Percutaneous treatment of benign bilioenteric anastomotic strictures: temporary covered stent placement versus balloon dilatation
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To compare percutaneous temporary covered stent placement with balloon dilatation in the treatment of benign stricture of bilioenteric anastomosis.
From November 2004 to August 2017, 56 patients with benign bilioenteric anastomotic strictures underwent percutaneous transhepatic treatment. A temporary covered stent designed for spontaneous migration was placed in 23 patients (stent group). Balloon dilatation was performed in 33 patients (balloon group). The technical success, percutaneous transhepatic biliary drainage (PTBD) indwelling times, stent indwelling times and patency rates were retrospectively compared between the two groups.
Technical success was achieved in all patients in the stent group and in 96.8% (32/33) of patients in the balloon group. All stents spontaneously migrated into the jejunum, and stent indwelling times were 3–9 months (median, 6 months). The PTBD indwelling time was shorter for the stent group than for the balloon group (median, 7 vs. 71 days, p = 0.001). Recurrent strictures occurred more frequently in the balloon group than in the stent group (54.5% vs. 13.0%, p = 0.002; hazard ratio 3.7). The 1- and 3-year primary patency rates were 90.2% and 84.9% for the stent group and 75.1% and 52.8% for the balloon group, respectively (p = 0.04).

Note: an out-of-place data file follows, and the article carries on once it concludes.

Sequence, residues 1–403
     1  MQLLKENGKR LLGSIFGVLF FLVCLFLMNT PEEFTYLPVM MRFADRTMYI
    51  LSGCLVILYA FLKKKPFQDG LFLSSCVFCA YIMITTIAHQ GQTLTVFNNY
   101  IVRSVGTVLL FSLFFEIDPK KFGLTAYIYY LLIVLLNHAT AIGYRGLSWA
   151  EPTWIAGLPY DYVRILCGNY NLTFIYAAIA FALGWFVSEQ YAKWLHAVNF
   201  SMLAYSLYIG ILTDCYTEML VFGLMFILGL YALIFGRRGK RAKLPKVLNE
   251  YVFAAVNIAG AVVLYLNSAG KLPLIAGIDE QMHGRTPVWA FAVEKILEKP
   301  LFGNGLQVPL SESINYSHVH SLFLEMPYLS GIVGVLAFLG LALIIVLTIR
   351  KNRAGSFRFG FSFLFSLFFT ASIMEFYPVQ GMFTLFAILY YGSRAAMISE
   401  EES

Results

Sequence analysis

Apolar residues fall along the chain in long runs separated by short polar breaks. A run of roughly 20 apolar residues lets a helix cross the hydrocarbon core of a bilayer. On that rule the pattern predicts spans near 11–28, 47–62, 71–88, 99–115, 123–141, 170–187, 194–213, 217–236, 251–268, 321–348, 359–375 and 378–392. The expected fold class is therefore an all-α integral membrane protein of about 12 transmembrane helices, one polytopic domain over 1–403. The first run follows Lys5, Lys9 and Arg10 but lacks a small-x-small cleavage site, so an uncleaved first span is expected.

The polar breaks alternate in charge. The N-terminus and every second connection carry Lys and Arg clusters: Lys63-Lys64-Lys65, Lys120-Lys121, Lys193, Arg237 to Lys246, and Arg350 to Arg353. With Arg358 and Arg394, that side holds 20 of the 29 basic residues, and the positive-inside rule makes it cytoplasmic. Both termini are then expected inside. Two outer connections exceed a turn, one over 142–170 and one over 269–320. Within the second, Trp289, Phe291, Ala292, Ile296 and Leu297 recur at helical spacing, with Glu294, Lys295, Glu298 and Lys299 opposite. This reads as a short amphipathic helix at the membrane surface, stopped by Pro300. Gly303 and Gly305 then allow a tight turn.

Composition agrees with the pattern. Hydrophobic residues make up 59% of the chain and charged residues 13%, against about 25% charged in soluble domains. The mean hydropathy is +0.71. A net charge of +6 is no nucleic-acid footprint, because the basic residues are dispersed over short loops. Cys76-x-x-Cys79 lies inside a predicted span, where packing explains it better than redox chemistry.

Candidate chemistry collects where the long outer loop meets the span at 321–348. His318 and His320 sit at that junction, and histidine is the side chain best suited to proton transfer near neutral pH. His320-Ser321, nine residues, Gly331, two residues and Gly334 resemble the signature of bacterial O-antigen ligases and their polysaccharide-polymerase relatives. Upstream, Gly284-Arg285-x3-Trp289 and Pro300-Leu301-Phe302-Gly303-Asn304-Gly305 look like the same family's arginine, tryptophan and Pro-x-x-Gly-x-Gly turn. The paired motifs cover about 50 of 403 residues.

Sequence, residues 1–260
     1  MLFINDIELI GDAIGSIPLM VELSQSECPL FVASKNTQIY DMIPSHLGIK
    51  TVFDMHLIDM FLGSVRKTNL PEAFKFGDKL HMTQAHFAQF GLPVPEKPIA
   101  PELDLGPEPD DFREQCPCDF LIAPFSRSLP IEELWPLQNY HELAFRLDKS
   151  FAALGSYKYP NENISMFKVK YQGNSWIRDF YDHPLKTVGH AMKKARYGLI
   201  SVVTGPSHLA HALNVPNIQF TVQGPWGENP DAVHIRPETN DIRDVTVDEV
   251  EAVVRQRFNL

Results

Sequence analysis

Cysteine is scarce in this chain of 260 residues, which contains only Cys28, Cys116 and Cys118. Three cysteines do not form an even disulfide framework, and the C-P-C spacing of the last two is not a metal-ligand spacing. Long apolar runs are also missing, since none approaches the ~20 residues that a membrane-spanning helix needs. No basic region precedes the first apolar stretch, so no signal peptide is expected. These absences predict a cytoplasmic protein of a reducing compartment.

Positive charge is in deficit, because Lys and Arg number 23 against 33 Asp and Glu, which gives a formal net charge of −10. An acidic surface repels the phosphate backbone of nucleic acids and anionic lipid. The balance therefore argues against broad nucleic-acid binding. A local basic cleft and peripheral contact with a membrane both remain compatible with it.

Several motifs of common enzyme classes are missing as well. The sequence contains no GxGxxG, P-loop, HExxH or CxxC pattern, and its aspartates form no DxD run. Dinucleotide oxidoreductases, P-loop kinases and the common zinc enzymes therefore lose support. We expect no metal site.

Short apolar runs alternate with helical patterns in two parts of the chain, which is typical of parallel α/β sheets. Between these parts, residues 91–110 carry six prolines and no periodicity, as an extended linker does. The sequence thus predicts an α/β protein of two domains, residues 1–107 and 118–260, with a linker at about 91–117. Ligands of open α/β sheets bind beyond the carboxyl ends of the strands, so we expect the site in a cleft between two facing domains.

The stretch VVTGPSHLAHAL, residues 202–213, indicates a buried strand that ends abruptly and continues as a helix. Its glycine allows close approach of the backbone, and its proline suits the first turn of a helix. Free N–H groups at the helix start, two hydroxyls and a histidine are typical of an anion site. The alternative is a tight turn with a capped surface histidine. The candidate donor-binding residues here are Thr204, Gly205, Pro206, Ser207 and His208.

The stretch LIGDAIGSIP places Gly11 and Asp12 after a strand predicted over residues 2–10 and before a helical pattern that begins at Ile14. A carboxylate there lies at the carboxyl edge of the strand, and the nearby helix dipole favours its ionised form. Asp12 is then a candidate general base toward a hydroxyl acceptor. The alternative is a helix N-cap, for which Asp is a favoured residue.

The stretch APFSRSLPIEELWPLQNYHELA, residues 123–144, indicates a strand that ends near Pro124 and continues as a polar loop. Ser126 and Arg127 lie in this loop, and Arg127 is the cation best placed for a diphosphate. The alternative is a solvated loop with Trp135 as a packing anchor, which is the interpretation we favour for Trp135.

Percutaneous temporary covered stenting is an effective treatment in patients with benign bilioenteric anastomotic strictures. It provides longer patency and shorter PTBD indwelling time compared with balloon dilatation.
• A temporary covered stent designed for spontaneous migration is a feasible and effective treatment for patients with benign bilioenteric anastomotic strictures.
• Percutaneous temporary covered stents provide longer patency and shorter drainage catheter indwelling time compared with conventional balloon dilatation.
• A covered stent with flared ends spontaneously migrated after 3–9 months.
KeywordsBile ducts Constriction, pathologic Stents Dilatation
Magnetic resonance cholangiopancreatography
Percutaneous transhepatic biliary drainage
This work was supported by grant no 14-2014-023 from the SNUBH research fund.
Compliance with ethical standards
The scientific guarantor of this publication is Chang Jin Yoon.
Conflict of interest
The authors declare that they have no conflict of interest.
Statistics and biometry
No complex statistical methods were necessary for this paper.
Written informed consent was waived by the Institutional Review Board.
Institutional Review Board approval was obtained.
• Experimental study
• Performed at one institution
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